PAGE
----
The Drakes Bay Oyster Co. and a citizens' group have filed two similar but separate lawsuits in Marin County Superior Court to challenge recent California Coastal Commission orders that would require the oyster farm to curtail its activities.
The two lawsuits, both filed on Friday, are not part of a federal case in which the farm at Point Reyes National Seashore is challenging a decision by U.S. Interior Secretary Kenneth Salazar to close it.
In the federal case, a panel of the 9th U.S. Circuit Court of Appeals is due to hear arguments in San Francisco on May 14 on the company's appeal of Salazar's decision to deny it a permit extension and thereby enable the site to return to wilderness.
The court has allowed the farm to continue operating during the appeal.
One of the Superior Court lawsuits was filed by the Marin County-based Alliance for Local Sustainable Agriculture and Phyllis Faber, an alliance member who is a former Coastal Commission member.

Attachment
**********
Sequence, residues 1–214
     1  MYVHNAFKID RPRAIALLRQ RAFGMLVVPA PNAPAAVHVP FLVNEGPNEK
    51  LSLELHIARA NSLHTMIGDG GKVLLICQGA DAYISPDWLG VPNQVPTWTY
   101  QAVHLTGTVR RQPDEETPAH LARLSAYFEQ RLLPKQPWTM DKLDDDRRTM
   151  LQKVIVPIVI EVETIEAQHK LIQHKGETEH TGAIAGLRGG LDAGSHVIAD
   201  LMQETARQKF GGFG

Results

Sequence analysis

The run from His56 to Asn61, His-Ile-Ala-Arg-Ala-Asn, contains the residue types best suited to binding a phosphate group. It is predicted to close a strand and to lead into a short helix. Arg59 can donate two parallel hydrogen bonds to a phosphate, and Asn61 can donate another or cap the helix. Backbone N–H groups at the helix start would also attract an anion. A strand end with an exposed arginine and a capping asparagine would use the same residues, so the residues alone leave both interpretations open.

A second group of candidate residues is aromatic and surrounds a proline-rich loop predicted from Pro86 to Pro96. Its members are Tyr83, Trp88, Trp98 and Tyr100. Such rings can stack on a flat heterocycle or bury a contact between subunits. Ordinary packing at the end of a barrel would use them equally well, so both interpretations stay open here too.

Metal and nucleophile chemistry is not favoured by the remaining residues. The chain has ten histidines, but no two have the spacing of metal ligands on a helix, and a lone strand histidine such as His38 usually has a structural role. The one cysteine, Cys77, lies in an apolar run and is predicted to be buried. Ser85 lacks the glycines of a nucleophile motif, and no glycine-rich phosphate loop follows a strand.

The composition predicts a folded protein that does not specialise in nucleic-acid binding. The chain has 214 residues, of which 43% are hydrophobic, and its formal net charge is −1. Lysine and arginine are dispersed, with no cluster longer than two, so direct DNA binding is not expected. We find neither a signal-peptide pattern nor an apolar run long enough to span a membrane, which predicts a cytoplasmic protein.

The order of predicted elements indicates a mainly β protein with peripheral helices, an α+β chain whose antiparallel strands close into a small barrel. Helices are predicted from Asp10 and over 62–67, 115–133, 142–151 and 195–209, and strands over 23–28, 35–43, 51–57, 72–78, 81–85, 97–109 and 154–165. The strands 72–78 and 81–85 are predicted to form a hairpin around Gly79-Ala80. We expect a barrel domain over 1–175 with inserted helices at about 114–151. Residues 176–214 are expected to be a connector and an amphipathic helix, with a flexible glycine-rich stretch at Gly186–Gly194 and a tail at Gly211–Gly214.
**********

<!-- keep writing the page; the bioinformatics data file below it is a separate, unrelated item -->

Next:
The second was filed soon afterwards by the oyster company.
Both suits allege the orders issued by the commission on Feb. 7 "would effectively shut down the farm," even if it wins its federal case, through expensive requirements for removal of certain equipment and changes in its operations.
"The effect of the operational constraints, cultivation restrictions and other work immediately required would be so financially onerous on the family-owned farm as to cause it to cease operations," both lawsuits say.
Zachary Walton, a lawyer for the alliance, said Superior Court Judge Lynn Duryee Wednesday morning scheduled a July 9 hearing on the alliance's request for a ruling overturning the commission orders.
Walton said he was not aware of any request by the oyster farm for a similar hearing, but noted that the farm could seek to participate in the July 9 session either as a so-called "real party in interest" in the alliance lawsuit or in connection with its own lawsuit.
Richard Idell, a lawyer who filed the oyster company's Superior Court lawsuit, was out of town and not available for comment Wednesday.
Amy Trainer, the executive director of the Environmental Action Committee of West Marin, said, "This corporation has made millions of dollars cultivating shellfish in our public waters without any coastal permits, yet thinks the coastal protection rules of California somehow do not apply to it."
The committee has participated in the federal case by filing friend-of-the-court briefs supporting Salazar's decision.